‘Yes, but the wording isn’t brilliant’, seems to be the general answer. Certainly phishing could be said to fall under the section 1 offence under the argument that the phisher sets programmes running which find out the account details etc of the innocent person(s). To the extent that the phisher had intent to use those details to commit further criminal offences then he/she could also fall under section 2 – which carries harsher penalties. Then there is the somewhat more nebulous section 3: does phishing or ninjaing someone’s account “impair” or “hinder” any other computer or program? Maybe – perhaps if having your account details “hinders” your ability to use the programme?
But this gets even more interesting
Anyway, what we want to do is focus on section 2. If the phisher stole Runescape account details with a view to somehow trying to gain access of others’ computers or stealing their bank details, then there would in principle be a case for arguing that they had had intent to commit further criminal offences under section 2. But what if the phishers only intended to enrich themselves in-game by, for example, turning the stolen accounts’ assets into gold and transferring that gold to themselves or even selling it on the black market (which would be a breach of the EULA etc but not necessarily illegal as such). Could enriching yourself in-game or in the real-world through a game by unauthorised means be classified as an offence?
That is the really interesting part to this case and, if the Police are interested in pushing for the strongest sentence possible against these phishers, they will need to consider this sometime soon – if they haven’t already.
That’s exciting, isn’t it? Makes us think about adding a chapter to that book on virtual law which we’ll have to write one day…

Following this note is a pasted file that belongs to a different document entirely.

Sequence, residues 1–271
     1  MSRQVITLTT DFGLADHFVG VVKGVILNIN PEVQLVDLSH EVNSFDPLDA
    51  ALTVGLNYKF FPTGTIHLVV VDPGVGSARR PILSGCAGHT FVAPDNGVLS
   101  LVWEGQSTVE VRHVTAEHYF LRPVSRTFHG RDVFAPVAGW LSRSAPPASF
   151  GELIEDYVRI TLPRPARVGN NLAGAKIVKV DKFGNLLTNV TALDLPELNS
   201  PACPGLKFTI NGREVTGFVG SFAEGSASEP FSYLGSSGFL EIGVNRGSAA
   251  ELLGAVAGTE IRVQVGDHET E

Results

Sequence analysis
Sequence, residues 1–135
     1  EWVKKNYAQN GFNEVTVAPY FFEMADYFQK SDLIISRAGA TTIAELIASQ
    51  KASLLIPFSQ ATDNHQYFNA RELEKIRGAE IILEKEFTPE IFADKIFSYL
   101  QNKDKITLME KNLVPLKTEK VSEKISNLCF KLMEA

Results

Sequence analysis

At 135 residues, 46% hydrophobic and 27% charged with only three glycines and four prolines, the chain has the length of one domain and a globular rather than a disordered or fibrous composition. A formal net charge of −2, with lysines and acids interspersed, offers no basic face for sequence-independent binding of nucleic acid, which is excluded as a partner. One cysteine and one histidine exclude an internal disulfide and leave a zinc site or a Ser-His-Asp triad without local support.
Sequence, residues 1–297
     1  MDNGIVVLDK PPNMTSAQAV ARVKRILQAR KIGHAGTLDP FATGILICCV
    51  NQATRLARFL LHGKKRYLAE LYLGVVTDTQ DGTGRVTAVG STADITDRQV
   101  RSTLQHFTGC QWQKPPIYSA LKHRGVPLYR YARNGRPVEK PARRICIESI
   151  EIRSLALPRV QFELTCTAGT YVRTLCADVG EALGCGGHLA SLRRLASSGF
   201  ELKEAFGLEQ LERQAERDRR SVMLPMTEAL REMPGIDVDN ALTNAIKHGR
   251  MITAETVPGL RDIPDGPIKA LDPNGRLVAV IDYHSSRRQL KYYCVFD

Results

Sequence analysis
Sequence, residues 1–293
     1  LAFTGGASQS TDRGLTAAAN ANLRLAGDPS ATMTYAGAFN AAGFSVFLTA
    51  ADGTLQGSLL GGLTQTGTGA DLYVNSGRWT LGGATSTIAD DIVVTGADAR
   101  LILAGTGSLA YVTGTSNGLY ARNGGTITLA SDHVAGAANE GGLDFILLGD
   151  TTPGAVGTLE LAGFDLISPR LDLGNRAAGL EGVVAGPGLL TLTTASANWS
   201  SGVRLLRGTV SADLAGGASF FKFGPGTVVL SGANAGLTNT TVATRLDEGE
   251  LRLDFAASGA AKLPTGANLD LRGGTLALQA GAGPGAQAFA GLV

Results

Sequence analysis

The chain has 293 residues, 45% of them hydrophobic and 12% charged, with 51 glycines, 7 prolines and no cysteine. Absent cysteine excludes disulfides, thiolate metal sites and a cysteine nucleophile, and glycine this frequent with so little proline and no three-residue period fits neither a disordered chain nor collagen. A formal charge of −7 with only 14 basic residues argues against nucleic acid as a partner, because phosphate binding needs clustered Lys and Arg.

In the meantime, the story goes on…
Little more has been announced since the Police announcement earlier this week, but no doubt further details will follow in due course. It’s also worth bearing in mind that Jagex has stated that this is part of a long-term investigation in both the USA and UK – so there may be further twists in the tale yet…
A couple of more interesting Eve-related stories (as recently reported, Eve is an interesting place for games lawyers).
Yet more theft in Eve
First up, Massively reports that CCP Games have announced, breaches of the rules governing their Volunteer Program. The Volunteer Program consists of gamers who give of their time to help out CCP and fellow Eve gamers. Quote from Massively:
“The Volunteer Manager for EVE Online, CCP Ginger, explained the situation earlier today: ‘Last weekend external resources related to the Interstellar Services Department (ISD), EVE’s volunteer program, were compromised which led to the theft of some volunteer program related data but also information about specific volunteers. As a result, we are being extra careful here, as this first and foremost pertains to the volunteer program and has no effect on our EVE Online operations or any customer data whatsoever’ “.
CCP appears to be tight-lipped as to exactly what was stolen, although they stressed that personal and account information remains safe. Watch this space…